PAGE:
4. Summary of results from the Series 2 and Series 3 NNWSI [Nevada Nuclear Waste Storage Investigations] bare fuel dissolution tests

    International Nuclear Information System (INIS)

    The Nevada Nuclear Waste Storage Investigations (NNWSI) Project is studying dissolution and radionuclide release behavior of spent nuclear fuel in Nevada Test Site groundwater. Specimens were tested for multiple cycles in J-13 well water. The Series 2 tests were run in unsealed silica vessels under ambient hot cell air (250C) for five cycles for a total of 34 months. The Series 3 tests were run in sealed stainless steel vessels at 250C and 850C for three cycles for a total of 15 months. Selected summary results from Series 2 and Series 3 tests with bare fuel specimens are reported. Uranium concentrations in later test cycles ranged from 1 to 2 μg/ml in the Series 2 Tests versus about 0.1 to 0.4 μg/ml in Series 3 with the lowest concentrations occurring in the 850C tests. Preferential release of fission products Cs, I, Sr and Tc, and activation product C-14, was indicated relative to the actinides. Tc-99 and Cs-137 activities measured in solution after Cycle 1 increased linearly with time, with the rate of increase greater at 850C than at 250C. 8 refs., 8 figs., 3 tabs

  5. Uranium extraction technology

    International Nuclear Information System (INIS)

    In 1983 the Nuclear Energy Agency of the Organisation for Economic Co-operation and Development (OECD/NEA) and the IAEA jointly published a book on Uranium Extraction Technology. A primary objective of this report was to document the significant technological developments that took place during the 1970s. The purpose of this present publication is to update and expand the original book. It includes background information about the principle of the unit operations used in uranium ore processing and summarizes the current state of the art. The publication also seeks to preserve the technology and the operating 'know-how' developed over the past ten years. This publication is one of a series of Technical Reports on uranium ore processing that have been prepared by the Division of Nuclear Fuel Cycle and Waste Management at the IAEA. A complete list of these reports is included as an addendum. Refs, figs and tabs

  6. The Kintyre uranium project

    International Nuclear Information System (INIS)

    The Kintyre Uranium Project is being developed by Canning Resources Pty Ltd, a subsidiary of Rio Tinto (formerly CRA). The work on the project includes the planning and management of a number of background environmental studies. The company has also commissioned studies by external consultants into process technologies, mining strategies and techniques for extracting the uranium ore from the waste rock. In addition, Canning Resources has made a detailed assessment of the worldwide market potential for Australian uranium in the late 1990s and into the 21st century. The most significant factor affecting the future of this project is the current product price. This price is insufficient to justify the necessary investment to bring this project into production

  7. Therapy of uranium contaminations

    International Nuclear Information System (INIS)

    Renal risks associated with the use of chelating agent as a treatment for acute uranium contamination were investigated. Rats were given a single intramuscular injection of uranyl nitrate solution. The percentage of renal uptake of uranyl nitrate as a function of the quantity injected was measured. Then the effect of a single DTPA intraperitoneal injection and the effect of a single bicarbonate injection on renal uptake of uranyl nitrate were studied. The preliminary results were as follows: constancy of renal uptake of uranyl nitrate (13 to 20% of the quantity injected); harmlessness of DTPA as a treatment for uranium contamination (DTPA does not increase uranium renal burden); inefficacy of bicarbonates on uranyl renal uptake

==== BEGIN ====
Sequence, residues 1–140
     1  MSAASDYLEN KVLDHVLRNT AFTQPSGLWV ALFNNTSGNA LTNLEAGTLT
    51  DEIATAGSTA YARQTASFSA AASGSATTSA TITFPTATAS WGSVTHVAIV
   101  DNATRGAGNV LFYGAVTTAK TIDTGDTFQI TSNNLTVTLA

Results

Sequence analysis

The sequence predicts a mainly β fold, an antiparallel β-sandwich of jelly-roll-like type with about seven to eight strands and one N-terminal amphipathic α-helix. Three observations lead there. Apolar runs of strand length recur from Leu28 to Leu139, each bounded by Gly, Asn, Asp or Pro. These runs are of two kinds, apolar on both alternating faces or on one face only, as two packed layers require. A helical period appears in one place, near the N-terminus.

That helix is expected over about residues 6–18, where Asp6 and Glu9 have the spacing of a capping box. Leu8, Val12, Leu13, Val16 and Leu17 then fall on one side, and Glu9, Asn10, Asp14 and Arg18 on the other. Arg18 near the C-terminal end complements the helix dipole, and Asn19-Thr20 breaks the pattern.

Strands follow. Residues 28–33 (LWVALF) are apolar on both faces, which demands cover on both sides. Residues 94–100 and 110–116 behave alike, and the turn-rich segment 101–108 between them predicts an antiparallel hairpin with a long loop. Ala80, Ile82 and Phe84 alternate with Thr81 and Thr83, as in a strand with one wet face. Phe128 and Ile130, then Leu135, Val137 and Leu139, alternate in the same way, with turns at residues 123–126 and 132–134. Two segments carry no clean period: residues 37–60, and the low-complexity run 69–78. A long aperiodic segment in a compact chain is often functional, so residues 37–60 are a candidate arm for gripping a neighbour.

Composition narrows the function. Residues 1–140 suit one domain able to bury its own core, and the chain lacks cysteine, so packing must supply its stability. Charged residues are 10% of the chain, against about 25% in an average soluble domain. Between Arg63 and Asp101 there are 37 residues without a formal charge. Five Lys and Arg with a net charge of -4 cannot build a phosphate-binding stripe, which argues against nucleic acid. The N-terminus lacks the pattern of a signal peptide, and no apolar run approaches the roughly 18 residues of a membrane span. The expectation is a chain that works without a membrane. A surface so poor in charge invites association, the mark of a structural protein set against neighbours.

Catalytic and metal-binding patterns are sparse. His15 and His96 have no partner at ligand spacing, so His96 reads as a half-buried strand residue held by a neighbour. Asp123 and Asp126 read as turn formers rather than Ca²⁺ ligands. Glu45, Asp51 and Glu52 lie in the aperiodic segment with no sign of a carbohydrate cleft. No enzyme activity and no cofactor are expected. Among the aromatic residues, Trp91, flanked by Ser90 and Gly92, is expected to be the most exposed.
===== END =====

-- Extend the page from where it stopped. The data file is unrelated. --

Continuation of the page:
8. Feasibility Study on the Use of On-line Multivariate Statistical Process Control for Safeguards Applications in Natural Uranium Conversion Plants

    Energy Technology Data Exchange (ETDEWEB)

    Ladd-Lively, Jennifer L [ORNL

    2014-01-01

    The objective of this work was to determine the feasibility of using on-line multivariate statistical process control (MSPC) for safeguards applications in natural uranium conversion plants. Multivariate statistical process control is commonly used throughout industry for the detection of faults. For safeguards applications in uranium conversion plants, faults could include the diversion of intermediate products such as uranium dioxide, uranium tetrafluoride, and uranium hexafluoride. This study was limited to a 100 metric ton of uranium (MTU) per year natural uranium conversion plant (NUCP) using the wet solvent extraction method for the purification of uranium ore concentrate. A key component in the multivariate statistical methodology is the Principal Component Analysis (PCA) approach for the analysis of data, development of the base case model, and evaluation of future operations. The PCA approach was implemented through the use of singular value decomposition of the data matrix where the data matrix represents normal operation of the plant. Component mole balances were used to model each of the process units in the NUCP. However, this approach could be applied to any data set. The monitoring framework developed in this research could be used to determine whether or not a diversion of material has occurred at an NUCP as part of an International Atomic Energy Agency (IAEA) safeguards system. This approach can be used to identify the key monitoring locations, as well as locations where monitoring is unimportant. Detection limits at the key monitoring locations can also be established using this technique. Several faulty scenarios were developed to test the monitoring framework after the base case or normal operating conditions of the PCA model were established. In all of the scenarios, the monitoring framework was able to detect the fault. Overall this study was successful at meeting the stated objective.